The downloads at issue in this appeal are not musical performances that are contemporaneously perceived by the listener. They are simply transfers of electronic files containing digital copies from an on-line server to a local hard drive. The downloaded songs are not performed in any perceptible manner during the transfers; the user must take some further action to play the songs after they are downloaded. Because the electronic download itself involves no recitation, rendering, or playing of the musical work encoded in the digital transmission, we hold that such a download is not a performance of that work, as defined by § 101 (of the Copyright Act).
The decision means that ASCAP can’t charge performance fees for music that is made available as a download. This is a huge victory for internet companies like Yahoo! and Real Networks. And combined with last year’s decision against ASCAP’s plan to charge performance fees for ringtones, the courts have shown that ASCAP’s reasoning behind setting public performance fees are deeply flawed, at least in the context of the internet. Clearly, no one thinks they are going to earn any money when their Black Eyed Peas ringtone sounds off in public, and clearly, you can’t hear or see the performance during a download of a file that contains the performance.
Why does the district court set ASCAP’s blanket license fees?
In a 1941 decision against ASCAP (United States v. The American Society of Composers, Authors and Publishers (No. 13-95, 1941 U.S. Dist. LEXIS 3944 (S.D.N.Y. Mar. 4, 1941)), district courts were authorized to set certain license fees for ASCAP. This was done because the court felt that without oversight, ASCAP would essentially act as a monopoly and set whatever rates it wanted.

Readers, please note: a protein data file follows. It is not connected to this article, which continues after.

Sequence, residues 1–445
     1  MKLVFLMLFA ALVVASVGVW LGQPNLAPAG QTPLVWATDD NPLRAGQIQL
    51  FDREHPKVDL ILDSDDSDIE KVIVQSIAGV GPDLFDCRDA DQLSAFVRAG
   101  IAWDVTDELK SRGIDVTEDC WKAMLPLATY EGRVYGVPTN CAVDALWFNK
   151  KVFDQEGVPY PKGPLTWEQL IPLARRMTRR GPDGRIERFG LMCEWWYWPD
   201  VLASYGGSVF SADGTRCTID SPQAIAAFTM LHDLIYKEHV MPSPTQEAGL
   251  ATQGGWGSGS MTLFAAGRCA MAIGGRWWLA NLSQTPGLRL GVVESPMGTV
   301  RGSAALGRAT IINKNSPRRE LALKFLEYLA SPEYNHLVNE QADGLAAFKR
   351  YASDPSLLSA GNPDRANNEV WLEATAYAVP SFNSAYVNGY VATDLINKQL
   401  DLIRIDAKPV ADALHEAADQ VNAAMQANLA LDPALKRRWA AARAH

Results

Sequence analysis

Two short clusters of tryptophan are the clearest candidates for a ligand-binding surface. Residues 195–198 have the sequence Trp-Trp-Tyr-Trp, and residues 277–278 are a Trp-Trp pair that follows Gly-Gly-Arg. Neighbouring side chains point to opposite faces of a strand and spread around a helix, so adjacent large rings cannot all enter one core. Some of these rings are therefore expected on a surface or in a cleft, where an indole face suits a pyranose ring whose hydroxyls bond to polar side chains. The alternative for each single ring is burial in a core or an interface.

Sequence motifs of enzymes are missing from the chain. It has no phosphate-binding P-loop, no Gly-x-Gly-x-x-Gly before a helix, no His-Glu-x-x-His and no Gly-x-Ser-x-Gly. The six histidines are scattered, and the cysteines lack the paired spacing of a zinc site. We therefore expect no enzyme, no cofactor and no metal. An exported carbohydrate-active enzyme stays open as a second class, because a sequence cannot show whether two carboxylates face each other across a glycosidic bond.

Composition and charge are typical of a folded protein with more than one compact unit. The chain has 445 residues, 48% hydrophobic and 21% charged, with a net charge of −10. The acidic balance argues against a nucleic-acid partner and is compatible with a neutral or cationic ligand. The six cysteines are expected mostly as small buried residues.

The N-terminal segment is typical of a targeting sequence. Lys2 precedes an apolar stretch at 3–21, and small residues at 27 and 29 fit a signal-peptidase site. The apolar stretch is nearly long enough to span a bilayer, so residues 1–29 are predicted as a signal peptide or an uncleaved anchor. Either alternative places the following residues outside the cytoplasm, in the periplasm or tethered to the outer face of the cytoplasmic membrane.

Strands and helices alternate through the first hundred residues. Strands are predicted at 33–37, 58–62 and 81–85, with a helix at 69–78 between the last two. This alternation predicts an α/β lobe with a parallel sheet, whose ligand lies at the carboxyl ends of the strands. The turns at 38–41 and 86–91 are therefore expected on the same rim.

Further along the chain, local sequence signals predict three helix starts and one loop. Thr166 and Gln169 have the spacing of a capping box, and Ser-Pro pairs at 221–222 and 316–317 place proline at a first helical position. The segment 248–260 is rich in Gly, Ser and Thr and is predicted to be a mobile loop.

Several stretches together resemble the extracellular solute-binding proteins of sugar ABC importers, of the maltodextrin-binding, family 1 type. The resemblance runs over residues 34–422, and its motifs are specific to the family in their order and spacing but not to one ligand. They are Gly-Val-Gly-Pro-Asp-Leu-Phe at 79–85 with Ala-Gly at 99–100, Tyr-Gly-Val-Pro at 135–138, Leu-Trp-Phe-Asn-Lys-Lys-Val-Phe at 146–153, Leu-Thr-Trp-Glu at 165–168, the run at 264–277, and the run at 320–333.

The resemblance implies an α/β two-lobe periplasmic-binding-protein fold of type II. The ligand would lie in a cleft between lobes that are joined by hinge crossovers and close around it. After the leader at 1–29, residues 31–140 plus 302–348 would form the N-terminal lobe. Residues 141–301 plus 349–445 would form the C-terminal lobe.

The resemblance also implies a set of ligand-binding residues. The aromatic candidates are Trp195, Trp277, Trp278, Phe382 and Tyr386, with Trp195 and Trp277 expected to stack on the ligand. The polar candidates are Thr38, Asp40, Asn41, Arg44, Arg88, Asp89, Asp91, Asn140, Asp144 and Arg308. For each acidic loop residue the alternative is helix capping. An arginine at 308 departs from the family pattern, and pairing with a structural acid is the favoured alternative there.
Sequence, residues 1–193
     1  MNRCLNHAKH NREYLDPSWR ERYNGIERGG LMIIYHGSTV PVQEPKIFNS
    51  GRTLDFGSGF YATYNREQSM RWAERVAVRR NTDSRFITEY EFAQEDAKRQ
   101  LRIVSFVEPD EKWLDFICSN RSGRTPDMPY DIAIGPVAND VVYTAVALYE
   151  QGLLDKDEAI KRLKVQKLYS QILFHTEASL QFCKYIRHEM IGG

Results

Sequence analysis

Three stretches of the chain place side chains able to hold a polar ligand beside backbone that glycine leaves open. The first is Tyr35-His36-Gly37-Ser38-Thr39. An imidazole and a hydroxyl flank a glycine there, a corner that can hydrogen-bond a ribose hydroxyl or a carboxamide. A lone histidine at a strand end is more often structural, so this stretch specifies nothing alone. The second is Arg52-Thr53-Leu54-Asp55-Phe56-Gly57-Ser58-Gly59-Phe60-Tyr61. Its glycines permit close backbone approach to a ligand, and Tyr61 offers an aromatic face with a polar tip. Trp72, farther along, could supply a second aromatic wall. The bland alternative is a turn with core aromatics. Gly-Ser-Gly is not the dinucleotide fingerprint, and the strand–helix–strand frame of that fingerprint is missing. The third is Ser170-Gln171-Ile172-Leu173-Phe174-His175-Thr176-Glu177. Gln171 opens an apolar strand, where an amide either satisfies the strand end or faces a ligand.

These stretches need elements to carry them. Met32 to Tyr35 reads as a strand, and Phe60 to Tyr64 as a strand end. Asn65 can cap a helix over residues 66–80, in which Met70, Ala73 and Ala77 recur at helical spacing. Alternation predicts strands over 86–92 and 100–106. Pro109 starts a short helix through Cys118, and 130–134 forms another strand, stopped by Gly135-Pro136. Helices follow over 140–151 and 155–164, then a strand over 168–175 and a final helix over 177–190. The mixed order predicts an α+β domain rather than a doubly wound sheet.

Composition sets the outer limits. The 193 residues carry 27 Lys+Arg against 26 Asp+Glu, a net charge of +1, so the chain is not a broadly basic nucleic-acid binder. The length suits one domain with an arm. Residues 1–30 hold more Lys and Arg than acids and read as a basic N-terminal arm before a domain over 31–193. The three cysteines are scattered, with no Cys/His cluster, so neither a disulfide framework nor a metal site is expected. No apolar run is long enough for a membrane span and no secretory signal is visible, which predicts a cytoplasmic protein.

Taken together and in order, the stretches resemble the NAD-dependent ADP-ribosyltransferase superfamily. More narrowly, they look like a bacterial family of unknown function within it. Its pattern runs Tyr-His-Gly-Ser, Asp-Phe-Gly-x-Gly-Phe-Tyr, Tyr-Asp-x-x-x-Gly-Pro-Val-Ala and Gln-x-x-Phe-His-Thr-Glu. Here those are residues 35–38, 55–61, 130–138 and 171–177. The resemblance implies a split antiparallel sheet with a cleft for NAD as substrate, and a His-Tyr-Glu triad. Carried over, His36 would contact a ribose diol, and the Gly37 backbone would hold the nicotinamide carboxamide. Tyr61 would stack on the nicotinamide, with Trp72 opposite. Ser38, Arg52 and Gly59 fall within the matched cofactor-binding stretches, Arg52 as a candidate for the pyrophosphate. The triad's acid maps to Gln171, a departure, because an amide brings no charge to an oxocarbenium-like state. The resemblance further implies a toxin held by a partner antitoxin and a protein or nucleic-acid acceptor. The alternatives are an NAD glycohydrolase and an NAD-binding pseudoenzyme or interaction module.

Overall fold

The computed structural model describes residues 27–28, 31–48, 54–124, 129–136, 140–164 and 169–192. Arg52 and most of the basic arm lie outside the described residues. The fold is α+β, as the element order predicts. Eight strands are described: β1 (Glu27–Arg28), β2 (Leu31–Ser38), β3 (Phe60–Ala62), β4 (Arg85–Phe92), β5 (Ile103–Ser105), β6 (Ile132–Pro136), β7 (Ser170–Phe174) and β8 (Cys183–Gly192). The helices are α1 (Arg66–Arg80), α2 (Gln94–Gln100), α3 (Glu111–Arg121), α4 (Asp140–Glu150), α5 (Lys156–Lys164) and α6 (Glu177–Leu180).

The decision has been amended and affirmed over the years through a series of consent decrees issued by the United States District Court for the Southern District of New York. The most recent of these was a 2001 ruling known as the Second Amended Final Judgment, or AFJ2. AFJ2 essentially regulates how ASCAP can participate in the music industry (See here for a good discussion of the effects of AFJ2).
Under AFJ2, ASCAP received a great deal of autonomy from the government, but the courts still retained powerful oversight over the association, primarily through its ability to set certain license fees for the association.
How were license fees set for Yahoo! and Real Networks?
Part of the initial proceedings in this case involved the district court setting a formula for blanket license fees (a set fee that doesn’t fluctuate with use). The court of appeals summarized the district court’s reasoning as follows (note that the ‘Internet Companies’ refers to Real Networks and Yahoo!):